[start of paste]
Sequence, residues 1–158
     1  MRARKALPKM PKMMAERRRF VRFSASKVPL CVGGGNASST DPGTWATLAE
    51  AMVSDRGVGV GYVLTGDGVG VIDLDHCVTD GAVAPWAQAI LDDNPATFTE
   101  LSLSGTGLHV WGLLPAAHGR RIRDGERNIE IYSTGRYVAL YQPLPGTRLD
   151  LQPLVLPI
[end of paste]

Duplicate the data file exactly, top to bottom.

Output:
Sequence, residues 1–158
     1  MRARKALPKM PKMMAERRRF VRFSASKVPL CVGGGNASST DPGTWATLAE
    51  AMVSDRGVGV GYVLTGDGVG VIDLDHCVTD GAVAPWAQAI LDDNPATFTE
   101  LSLSGTGLHV WGLLPAAHGR RIRDGERNIE IYSTGRYVAL YQPLPGTRLD
   151  LQPLVLPI